- Women in Eastern Europe point the way to senior management whilst in the UAE the path to leadership gains further support from government initiatives
In mark of International Women’s Day, new research from Grant Thornton reveals that Eastern European countries dominate the international league table for senior female business leaders, including seven of the top ten, with Russia at number one.
However the proportion of women reaching the top tier of the business world has shown little progress over the past decade, leading to renewed calls for quotas, one of the recommendations set out in the report released today - Women in business: the path to leadership.
In the UAE, the government has noticed the considerable difference and diversity that women in senior management roles can bring. With Dubai being a cosmopolitan city, serving the world and being known as a MENA hub for the region it is imperative that measures are taken to close the gender gap which isn’t as wide in other competing economies.
Therefore in line with this, this year (2015) the UAE Gender Balance council was established by Sheikh Mohammed bin Rashid, Vice President and Ruler of Dubai to ensure women are given leading roles in the development of the country and thus the future, further promoting the path to leadership for females in the UAE.
Grant Thornton’s research reveals that elsewhere, 40% of senior business roles in Russia are occupied by women, the highest in the world, and almost double the global average (22%). The next five countries on the list are all near neighbours: Georgia (38%), Poland (37%), Latvia (36%), Estonia (35%) and Lithuania (33%).
Hisham Farouk, CEO of Grant Thornton UAE, said:
“The domination of Eastern European nations and significant steps in the right direction within the UAE is explained by a blend of factors including history, culture and demographics. A thriving culture of female entrepreneurship is creating future legacy as the ideal of equality and opportunity extends into the broad range of subjects women study in the region. Consequently we find women well represented in services industries too; and not just those traditionally with high numbers of women like healthcare and hospitality, but emerging industries such as financial services, aviation and technology.
“With approximately 30 per cent of first-year female students in a university in Abu Dhabi alone studying towards an aviation Bachelor of Science degree. Greater access to education will continue to lead the way for females within the UAE.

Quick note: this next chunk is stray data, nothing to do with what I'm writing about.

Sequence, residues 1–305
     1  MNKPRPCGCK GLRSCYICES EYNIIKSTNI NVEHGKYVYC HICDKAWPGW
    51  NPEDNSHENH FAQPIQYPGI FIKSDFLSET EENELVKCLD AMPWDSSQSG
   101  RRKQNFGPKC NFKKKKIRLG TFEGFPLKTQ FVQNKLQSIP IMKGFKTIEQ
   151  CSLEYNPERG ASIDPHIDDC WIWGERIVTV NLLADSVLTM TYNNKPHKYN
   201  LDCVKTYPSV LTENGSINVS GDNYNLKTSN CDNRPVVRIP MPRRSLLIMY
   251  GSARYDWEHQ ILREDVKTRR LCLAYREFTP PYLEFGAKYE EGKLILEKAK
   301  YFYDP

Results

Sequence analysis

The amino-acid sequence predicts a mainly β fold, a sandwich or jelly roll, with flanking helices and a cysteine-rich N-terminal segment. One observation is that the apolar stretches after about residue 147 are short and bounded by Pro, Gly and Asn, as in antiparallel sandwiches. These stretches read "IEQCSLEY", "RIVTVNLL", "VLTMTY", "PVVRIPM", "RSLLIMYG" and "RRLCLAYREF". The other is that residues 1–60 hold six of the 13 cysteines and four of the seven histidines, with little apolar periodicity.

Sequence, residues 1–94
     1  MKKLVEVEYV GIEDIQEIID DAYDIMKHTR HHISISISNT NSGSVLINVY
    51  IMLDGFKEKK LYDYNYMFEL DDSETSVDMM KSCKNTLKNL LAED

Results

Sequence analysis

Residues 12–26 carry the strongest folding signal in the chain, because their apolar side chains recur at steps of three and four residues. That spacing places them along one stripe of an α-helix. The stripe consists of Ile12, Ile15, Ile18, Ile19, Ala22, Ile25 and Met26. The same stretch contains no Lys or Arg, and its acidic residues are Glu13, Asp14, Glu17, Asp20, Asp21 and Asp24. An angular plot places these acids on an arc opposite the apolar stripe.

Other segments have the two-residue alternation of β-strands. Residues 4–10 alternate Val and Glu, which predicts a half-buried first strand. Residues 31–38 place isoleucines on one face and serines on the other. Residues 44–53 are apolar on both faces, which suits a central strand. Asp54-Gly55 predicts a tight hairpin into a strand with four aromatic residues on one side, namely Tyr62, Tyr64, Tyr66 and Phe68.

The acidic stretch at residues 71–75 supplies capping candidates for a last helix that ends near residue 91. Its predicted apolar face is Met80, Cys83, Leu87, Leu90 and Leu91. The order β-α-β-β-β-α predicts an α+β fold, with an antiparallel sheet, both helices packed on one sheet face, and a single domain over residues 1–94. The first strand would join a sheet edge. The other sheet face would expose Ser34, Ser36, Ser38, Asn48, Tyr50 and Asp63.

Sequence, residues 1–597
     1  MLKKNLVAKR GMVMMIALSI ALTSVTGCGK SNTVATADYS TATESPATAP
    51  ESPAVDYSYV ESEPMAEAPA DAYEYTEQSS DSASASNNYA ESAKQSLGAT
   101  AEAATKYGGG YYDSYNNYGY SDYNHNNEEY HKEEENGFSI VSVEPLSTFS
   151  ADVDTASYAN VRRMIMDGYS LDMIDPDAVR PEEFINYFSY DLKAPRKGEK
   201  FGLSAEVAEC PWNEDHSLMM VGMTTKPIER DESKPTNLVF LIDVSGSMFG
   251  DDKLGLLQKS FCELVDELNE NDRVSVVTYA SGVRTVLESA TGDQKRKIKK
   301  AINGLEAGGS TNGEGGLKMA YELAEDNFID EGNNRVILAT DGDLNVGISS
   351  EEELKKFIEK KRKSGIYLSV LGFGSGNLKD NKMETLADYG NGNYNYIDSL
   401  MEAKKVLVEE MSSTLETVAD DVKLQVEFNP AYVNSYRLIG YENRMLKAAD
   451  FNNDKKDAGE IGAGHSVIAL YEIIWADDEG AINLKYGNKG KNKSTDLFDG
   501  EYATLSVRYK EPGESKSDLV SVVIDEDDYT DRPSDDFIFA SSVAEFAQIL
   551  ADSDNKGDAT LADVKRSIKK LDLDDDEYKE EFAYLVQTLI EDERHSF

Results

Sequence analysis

“What can the rest of the world learn from Eastern Europe and the UAE? Some of the recommendations we set out in our report - including changing societal norms around the role of women and eradicating gender bias - are directly drawn from what is working and needs to be further embedded within the home, workplace and within society.”
Globally, 22% of senior roles held by women is slightly up from 2004 (19%) but down from 24% last year, highlighting broad stagnation. Japan remains at the bottom of the list with just 8% of senior roles held by women, followed by Germany (14%) and India (15%). There have been pockets of improvement, however, with 26% of senior roles in the EU now occupied by women – an all-time high. This has been driven by France (33%), Sweden (28%) and Greece (27%). At the same time though the number in Latin America has fallen to 18% - an all-time low.
Francesca Lagerberg, Global Head of Tax at Grant Thornton International states:
“We’ve heard businesses talk the talk on gender equality for decades now, but still too few are walking the walk. Aside from the moral issue of ensuring equal opportunity for all, a more representative blend of women and men in senior roles just makes good business sense. If an economy is only using half its most talented people then it immediately cuts its growth potential.
Hisham adds “this presents real challenges not just for businesses but for governments, society and women too. Society must adjust to changes in the way we live and work too. Governments can support this by continuing to build the infrastructure to allow women to thrive in the workforce. This could, for example, include mandating quotas for women on boards.”
With the lead up to 2020 being said to be a memorable one for the UAE, it could be the year that sees a dynamic workforce that is represented by both genders, with the UAE becoming known as the leading nation for gender equality and boardroom representation.